After five years of repeated funding rejections from Congress, Smith adopted a new strategy; he decided to raise private charitable funds for his National Vaccine Institution. In the spring of 1818, he published a "Prospectus of a Permanent National Vaccine Institution."36~ Dr. Smith offered memberships, or "subscriptions," of $10 to physicians. Memberships would support the continuing operation of the institution and guarantee physicians up to five years of unlimited vaccine.3 " Dr. Smith estimated that he needed 500 subscriptions, i.e., $5000, to continue in operation.367 He also solicited "donations" which were to be used to erect a permanent building for the vaccine institution in Washington368 and establish a permanent endowment for the institute. Smith posted a $40,000 bond payable to the President to guarantee that he would abide by his proposal and return all the donations and subscriptions if he was unable to implement his plan.3 ~0 He asked the public to consider his institution "as convenient [as] national Telegraphs stationed at every post office," since it would deliver vaccine quickly to any post office in the country where an epidemic threatened.37 '

To jump start his ambitious plan, Dr. Smith hired a number of agents in 1819 and sent them into neighboring states to widely disseminate vaccine and collect subscriptions and

365 SMITH, PROSPECTUS, supra note 54.

366 See SMITH, PROSPECTUS, supra note 54, at 5.

367 See id. at 5-6.

368 By 1818 Smith recognized the need to move his institution from Baltimore to Washington, "the seat of the national government." Id. at 28-29. Though Smith focused on the ability to distribute vaccine throughout the country via legislators returning home, clearly he must have understood that an institution in Washington was more likely to gain national support. Vaccine distribution, after all, was largely accomplished through the mail.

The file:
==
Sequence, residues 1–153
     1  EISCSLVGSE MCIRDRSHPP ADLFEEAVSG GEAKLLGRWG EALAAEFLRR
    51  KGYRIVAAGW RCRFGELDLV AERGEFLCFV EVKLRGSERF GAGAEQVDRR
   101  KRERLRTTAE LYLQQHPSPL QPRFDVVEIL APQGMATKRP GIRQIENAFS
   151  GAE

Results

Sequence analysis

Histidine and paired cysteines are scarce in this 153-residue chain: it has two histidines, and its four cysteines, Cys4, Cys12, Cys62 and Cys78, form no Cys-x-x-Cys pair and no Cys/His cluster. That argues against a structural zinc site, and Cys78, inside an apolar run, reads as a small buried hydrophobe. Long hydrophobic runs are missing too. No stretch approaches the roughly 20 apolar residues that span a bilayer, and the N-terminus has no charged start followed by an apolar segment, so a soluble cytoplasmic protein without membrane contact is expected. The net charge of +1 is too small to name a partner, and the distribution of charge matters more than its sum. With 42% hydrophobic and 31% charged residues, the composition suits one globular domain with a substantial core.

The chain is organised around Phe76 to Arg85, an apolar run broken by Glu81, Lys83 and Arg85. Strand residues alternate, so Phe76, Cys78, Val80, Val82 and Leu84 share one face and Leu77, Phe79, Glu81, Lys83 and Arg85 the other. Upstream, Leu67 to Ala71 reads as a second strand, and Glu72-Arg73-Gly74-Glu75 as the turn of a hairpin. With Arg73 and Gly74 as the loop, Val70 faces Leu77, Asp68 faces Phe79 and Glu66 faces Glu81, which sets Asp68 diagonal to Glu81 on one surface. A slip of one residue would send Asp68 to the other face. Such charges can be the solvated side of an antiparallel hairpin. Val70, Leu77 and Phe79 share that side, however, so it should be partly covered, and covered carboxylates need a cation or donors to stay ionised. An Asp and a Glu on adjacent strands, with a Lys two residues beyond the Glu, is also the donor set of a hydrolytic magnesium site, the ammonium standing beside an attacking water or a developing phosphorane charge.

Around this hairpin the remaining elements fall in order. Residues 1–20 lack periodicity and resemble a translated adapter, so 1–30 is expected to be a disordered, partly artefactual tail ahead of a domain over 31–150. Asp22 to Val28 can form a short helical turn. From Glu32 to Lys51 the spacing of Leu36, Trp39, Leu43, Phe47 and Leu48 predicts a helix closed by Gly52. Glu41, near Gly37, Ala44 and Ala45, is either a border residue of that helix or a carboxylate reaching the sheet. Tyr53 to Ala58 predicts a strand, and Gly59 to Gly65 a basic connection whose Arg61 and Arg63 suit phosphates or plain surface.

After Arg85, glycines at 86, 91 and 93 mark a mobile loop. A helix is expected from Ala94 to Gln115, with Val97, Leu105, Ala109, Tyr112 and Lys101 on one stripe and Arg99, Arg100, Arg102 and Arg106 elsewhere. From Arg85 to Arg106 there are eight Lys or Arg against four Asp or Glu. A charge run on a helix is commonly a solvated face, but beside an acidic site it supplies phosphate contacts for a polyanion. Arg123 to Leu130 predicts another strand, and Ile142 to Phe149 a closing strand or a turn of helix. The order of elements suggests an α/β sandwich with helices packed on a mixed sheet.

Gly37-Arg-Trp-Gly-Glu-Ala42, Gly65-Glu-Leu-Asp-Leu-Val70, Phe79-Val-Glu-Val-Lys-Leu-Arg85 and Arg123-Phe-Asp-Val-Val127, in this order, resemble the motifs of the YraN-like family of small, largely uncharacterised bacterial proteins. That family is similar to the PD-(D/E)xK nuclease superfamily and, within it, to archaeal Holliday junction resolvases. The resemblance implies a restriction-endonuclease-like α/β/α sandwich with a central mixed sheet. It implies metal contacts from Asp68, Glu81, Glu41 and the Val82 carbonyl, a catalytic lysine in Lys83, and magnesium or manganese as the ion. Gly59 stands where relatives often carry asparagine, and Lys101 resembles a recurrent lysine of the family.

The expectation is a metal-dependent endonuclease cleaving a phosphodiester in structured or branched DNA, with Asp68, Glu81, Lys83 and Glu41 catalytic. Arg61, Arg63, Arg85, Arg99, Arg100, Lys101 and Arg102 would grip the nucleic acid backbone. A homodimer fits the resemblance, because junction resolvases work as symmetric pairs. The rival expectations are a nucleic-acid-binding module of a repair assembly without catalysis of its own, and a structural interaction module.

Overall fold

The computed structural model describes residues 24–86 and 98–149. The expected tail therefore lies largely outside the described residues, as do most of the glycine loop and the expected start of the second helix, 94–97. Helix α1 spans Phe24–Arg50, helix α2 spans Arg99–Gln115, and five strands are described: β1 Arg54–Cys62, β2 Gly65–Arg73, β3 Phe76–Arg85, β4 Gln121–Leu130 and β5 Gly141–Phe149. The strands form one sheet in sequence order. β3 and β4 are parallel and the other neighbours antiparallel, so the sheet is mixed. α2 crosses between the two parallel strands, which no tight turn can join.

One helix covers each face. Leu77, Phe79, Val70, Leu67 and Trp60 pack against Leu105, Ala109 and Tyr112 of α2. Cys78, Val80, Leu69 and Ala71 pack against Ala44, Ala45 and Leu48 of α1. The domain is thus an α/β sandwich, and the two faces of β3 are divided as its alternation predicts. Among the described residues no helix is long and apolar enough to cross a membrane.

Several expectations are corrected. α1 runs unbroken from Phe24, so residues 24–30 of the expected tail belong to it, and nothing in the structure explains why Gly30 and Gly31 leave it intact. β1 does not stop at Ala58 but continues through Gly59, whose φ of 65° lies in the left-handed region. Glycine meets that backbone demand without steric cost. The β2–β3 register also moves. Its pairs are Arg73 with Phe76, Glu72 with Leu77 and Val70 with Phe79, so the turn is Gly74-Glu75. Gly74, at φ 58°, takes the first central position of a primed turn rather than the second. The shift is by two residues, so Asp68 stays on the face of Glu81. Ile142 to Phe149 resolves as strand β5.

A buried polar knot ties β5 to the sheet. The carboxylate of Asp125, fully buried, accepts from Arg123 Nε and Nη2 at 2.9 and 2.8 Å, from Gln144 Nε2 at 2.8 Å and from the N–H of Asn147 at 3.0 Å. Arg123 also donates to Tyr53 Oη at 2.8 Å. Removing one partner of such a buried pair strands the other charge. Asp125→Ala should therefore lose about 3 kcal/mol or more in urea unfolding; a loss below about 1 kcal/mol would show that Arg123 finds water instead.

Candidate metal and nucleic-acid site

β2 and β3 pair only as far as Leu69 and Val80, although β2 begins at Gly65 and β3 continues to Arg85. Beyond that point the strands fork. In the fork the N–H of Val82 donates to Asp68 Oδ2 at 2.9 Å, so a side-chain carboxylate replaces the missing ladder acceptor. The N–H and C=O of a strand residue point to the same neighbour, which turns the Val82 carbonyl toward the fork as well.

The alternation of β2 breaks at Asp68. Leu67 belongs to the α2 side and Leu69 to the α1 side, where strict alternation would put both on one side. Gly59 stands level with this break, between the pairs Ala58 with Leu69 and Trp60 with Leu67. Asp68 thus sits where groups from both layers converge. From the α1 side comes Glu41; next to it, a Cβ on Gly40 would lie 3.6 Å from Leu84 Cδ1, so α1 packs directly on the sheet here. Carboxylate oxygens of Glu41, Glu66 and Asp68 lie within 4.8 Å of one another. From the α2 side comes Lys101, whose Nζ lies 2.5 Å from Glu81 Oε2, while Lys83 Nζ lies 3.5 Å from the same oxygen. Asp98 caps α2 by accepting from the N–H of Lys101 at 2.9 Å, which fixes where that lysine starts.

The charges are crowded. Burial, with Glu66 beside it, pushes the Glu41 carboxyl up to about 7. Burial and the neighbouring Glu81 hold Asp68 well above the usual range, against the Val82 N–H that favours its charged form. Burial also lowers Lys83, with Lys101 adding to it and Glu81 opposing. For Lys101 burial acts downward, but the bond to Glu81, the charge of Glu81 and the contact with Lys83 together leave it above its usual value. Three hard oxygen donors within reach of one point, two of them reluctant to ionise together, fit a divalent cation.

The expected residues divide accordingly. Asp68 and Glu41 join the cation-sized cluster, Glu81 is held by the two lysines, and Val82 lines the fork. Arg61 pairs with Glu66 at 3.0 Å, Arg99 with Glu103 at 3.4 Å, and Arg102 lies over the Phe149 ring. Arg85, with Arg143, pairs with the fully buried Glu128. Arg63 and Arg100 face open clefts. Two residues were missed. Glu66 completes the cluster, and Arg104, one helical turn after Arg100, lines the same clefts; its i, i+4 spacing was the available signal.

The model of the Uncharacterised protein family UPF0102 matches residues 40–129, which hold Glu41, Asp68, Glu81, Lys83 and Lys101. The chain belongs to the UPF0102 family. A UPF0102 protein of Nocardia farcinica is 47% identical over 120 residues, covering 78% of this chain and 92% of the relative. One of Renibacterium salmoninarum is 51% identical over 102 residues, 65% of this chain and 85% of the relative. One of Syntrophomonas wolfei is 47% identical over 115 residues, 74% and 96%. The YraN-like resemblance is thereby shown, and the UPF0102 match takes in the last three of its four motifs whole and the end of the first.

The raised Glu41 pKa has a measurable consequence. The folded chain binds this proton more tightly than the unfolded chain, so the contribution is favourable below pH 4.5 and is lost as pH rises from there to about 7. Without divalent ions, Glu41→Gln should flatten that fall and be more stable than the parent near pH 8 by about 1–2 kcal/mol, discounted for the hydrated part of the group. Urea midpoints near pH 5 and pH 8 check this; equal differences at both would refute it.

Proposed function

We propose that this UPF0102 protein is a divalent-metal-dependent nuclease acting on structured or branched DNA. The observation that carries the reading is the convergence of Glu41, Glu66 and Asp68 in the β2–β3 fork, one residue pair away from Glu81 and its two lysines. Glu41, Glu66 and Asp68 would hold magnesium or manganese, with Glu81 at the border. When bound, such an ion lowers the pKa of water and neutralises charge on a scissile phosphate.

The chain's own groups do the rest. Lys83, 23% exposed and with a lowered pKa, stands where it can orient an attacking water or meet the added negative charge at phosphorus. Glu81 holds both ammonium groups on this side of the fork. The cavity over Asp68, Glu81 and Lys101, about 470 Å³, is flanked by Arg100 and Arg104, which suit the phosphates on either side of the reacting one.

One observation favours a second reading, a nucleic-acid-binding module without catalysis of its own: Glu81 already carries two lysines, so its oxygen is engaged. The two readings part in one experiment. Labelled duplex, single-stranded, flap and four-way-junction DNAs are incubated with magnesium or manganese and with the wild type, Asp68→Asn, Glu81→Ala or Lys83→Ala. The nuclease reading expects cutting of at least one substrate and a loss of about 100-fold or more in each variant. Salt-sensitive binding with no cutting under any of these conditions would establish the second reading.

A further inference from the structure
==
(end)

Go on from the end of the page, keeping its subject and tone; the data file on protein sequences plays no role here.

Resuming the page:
369 See id. at 6-7; Smith, Report, supra note 144, at 1. The endowment money would be patriotically invested in U.S. government bonds. See SMITH, PROSPECTUS,supra note 54, at 6.

370 See Affidavit of William Brent, Clerk of Circuit Court for District of Columbia inSMITH, PROSPECTUS, supra note 54, at 8.

371 Smith, Report, supra note 144, at 6.


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donations.372 In his 1821 report to Congress, Smith lists twenty-one agents, eleven of whom were still active.373 These agents traveled through Pennsylvania, Delaware, Maryland, Virginia, Kentucky, and North Carolina.374 According to Smith, he supplied these agents with horses, stationary, and vaccine at his own expense.375 They were directed to vaccinate "the young and the old, the rich as well as the poor" and distribute vaccine to all who asked free of charge.37 ' Smith hoped that such generosity would attract subscriptions and donations to his vaccine institute. The agents organized mass meetings of a hundred or more people at which they praised vaccination and offered free vaccination.377 Smith estimates that the efforts of his agents resulted in the vaccinations of some 100,000 persons in 1819 and 1820.378 His agents also collected funds for the institute, keeping 20% for themselves as the cost of collection. As of January 1, 1821, Smith reports receiving pledges-of $23,125 in subscriptions and $12,509 in donations.379 But the pledges totaled $35,634, he had only managed to collect $ 14,460.380 After deducting 20% in collection costs, he was left with about $11,500 ($130,000 adjusted for inflation).38 ' Given that the combined population of the six states at the time was only 2.8